Some members of Donaldson's audience questioned his use of the word "dupe." One asked whether it's a fair word to use when hedge fund investors don't seem interested in knowing how a manager makes money. Another asked whether it was necessary to worry about risks taken by hedge fund investors, who typically are wealthy enough to withstand large losses. And someone else pointed out that even public companies that were required to report the value of their portfolios often were unable or unwilling to do so, as the recent failures of Lehman Brothers and Bear Stearns show.
Donaldson acknowledged those points and said he would consider changing the word duping to something like "pressures to mislead." He also said that he, too, has few concerns about "a billionaire losing money." But hedge fund activities can ripple throughout the economy. "Hedge funds are alleged to aggravate social crises and cause significant social harm," Donaldson suggested. Many middle-income Americans are exposed to hedge funds through their pension funds, which invest in them. Banks also lend to hedge funds, which may compound risk in the financial system. "There is still a lot of noise buzzing around now that in addition to collateralized debt obligations and credit default swaps, banks may also have on their books [hedge fund] loans they don't know much about."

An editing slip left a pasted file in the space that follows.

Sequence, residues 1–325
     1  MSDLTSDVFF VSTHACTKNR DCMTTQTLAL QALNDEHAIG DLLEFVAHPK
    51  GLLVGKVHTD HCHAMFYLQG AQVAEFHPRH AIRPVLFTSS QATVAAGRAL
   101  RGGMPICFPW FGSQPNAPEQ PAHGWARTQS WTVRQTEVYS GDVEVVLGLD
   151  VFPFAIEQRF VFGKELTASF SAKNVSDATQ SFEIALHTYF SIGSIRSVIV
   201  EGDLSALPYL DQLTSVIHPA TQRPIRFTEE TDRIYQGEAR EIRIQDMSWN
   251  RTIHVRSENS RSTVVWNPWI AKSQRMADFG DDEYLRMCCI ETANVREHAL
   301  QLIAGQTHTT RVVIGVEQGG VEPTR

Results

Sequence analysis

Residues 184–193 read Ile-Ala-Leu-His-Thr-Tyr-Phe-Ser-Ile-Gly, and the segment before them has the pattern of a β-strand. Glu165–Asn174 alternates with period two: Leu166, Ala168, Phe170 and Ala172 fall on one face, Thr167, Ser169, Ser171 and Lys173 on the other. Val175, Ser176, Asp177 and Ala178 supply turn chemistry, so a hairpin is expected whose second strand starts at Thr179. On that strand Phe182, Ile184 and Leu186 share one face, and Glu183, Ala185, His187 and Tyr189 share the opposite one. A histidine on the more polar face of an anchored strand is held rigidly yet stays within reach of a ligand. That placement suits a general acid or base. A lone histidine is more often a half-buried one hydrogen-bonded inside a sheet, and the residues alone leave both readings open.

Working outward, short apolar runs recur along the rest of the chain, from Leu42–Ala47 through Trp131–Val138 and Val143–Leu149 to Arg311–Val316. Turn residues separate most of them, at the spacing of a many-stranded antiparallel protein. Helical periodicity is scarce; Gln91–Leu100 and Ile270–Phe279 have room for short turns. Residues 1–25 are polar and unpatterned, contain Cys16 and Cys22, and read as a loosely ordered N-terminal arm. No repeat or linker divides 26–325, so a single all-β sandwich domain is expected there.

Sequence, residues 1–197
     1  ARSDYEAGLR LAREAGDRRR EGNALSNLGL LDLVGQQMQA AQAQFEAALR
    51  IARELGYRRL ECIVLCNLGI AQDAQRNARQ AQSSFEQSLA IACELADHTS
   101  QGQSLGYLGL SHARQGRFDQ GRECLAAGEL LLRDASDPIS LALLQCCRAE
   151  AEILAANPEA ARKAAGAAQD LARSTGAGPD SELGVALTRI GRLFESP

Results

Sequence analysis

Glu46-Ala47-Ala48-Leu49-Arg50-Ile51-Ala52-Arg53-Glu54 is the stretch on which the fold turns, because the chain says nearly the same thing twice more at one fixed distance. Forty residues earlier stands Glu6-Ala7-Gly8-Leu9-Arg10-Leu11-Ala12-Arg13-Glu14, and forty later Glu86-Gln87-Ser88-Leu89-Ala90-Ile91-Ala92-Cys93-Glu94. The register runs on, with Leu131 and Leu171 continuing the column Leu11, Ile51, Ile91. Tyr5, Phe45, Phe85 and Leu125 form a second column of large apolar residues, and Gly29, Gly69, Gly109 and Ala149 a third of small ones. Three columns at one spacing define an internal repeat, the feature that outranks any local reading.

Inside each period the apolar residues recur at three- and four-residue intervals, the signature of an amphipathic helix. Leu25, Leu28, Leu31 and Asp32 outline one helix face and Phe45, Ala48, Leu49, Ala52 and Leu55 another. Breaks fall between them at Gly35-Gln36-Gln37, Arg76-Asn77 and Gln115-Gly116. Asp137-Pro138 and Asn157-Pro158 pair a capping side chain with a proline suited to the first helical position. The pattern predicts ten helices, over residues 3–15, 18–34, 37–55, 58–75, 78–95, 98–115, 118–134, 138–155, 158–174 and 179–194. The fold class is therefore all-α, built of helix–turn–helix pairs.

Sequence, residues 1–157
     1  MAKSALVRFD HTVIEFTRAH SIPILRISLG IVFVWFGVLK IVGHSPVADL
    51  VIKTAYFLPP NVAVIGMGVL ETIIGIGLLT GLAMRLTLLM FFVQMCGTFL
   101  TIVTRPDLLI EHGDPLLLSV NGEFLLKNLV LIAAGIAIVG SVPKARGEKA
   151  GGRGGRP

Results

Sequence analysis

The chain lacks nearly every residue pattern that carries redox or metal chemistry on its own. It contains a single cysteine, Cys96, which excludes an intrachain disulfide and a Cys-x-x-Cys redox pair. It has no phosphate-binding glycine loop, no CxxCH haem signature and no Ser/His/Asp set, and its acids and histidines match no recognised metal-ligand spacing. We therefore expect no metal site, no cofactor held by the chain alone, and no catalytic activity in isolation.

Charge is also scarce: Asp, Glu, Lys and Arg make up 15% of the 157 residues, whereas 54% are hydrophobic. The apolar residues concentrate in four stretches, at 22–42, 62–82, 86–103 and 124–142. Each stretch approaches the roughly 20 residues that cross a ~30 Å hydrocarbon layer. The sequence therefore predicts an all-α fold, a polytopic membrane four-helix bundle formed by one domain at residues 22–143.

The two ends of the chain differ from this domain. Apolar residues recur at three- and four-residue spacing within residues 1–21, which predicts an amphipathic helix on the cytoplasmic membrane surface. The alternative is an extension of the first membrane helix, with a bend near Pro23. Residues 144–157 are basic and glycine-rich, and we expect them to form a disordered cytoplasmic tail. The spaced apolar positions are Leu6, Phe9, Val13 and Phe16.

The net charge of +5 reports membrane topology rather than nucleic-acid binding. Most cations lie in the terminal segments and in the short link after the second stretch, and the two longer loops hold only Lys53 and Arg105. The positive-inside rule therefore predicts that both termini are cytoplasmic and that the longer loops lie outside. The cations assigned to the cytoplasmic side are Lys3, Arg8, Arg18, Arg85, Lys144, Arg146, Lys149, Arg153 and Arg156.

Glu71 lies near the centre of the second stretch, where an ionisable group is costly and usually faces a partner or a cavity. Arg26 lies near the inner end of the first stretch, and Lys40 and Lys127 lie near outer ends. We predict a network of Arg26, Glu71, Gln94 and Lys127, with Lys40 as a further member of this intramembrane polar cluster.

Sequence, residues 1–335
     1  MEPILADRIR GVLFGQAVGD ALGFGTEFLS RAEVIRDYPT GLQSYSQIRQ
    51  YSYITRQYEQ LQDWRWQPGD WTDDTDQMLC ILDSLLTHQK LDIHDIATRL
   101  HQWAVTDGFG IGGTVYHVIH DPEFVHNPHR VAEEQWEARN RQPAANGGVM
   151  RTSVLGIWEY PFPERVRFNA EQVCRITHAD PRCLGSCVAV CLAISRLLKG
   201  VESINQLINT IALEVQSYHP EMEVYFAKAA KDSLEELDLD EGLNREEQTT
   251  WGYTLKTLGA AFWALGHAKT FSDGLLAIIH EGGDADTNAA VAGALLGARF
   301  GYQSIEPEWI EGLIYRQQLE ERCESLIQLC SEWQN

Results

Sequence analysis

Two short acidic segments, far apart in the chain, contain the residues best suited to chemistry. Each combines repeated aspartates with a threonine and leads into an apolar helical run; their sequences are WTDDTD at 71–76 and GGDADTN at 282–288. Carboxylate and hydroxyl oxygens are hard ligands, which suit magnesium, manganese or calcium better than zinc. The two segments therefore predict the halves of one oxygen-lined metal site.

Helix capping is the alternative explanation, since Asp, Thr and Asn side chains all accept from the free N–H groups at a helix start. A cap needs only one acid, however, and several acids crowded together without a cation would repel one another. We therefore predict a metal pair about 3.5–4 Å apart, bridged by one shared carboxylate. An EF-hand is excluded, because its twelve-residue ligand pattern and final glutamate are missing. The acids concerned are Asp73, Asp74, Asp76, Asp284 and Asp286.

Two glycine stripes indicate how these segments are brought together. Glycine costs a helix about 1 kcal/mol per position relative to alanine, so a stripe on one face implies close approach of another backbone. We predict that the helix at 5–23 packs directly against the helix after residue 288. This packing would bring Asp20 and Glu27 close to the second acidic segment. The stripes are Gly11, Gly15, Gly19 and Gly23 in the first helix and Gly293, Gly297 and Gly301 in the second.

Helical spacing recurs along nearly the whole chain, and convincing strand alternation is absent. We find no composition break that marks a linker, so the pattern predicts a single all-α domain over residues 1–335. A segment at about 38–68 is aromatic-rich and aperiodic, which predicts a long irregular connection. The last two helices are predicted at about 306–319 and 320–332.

When the Long Term Capital Management hedge fund failed in 1999, the Federal Reserve was forced to cobble together a multibillion dollar bailout to head off the threat of economic collapse, for example. The meltdown of two Bear Stearns hedge funds in the summer of 2007 also helped trigger a broader financial panic. But it was clear long before then that the funds were on the verge of disaster. According to Donaldson, the economist and New York Times columnist Paul Krugman reported that the Bear Stearns funds "borrowed huge amounts, and invested the proceeds in questionable mortgage-backed securities ... and more than 60% of their net worth was tied up in exotic securities whose reported value was estimated by [the manager's] own team." In April 2008, the federal government bailed out the entire Bear Stearns firm just a few days after the company's chief executive had expressed confidence about its financial health. Federal Reserve chairman Ben Bernanke has worried that the complex web of relationships between banks and hedge funds may cloud the judgment and ability of either side to measure risk accurately.